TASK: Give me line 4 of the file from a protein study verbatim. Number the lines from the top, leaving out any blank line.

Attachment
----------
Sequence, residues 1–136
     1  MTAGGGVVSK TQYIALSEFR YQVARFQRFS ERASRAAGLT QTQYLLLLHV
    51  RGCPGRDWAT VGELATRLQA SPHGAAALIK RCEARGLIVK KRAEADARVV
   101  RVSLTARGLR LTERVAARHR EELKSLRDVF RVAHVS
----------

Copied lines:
   101  RVSLTARGLR LTERVAARHR EELKSLRDVF RVAHVS